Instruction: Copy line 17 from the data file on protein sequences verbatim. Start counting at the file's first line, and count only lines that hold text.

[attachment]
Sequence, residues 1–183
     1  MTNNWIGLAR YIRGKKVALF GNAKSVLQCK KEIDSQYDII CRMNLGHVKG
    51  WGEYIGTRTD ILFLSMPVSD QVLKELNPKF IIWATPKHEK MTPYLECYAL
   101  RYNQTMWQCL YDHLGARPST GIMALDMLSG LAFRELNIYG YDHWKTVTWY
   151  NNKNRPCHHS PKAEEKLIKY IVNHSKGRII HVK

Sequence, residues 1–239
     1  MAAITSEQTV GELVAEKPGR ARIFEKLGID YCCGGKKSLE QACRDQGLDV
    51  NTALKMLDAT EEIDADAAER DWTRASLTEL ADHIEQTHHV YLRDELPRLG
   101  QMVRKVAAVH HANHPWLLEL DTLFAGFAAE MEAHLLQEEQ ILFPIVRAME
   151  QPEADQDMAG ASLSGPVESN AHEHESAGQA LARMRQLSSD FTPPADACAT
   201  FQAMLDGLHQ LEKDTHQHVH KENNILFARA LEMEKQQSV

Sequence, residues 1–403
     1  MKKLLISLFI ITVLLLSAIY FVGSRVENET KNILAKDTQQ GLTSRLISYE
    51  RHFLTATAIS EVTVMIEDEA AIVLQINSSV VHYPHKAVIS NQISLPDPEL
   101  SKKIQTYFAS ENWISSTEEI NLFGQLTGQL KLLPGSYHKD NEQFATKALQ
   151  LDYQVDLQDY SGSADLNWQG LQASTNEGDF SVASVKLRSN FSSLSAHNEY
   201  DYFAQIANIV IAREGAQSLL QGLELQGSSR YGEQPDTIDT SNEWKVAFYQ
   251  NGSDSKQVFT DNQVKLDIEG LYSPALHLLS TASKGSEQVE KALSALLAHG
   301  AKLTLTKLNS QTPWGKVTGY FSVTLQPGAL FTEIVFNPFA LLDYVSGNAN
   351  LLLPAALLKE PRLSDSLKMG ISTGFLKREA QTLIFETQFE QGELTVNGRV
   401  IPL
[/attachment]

   201  DYFAQIANIV IAREGAQSLL QGLELQGSSR YGEQPDTIDT SNEWKVAFYQ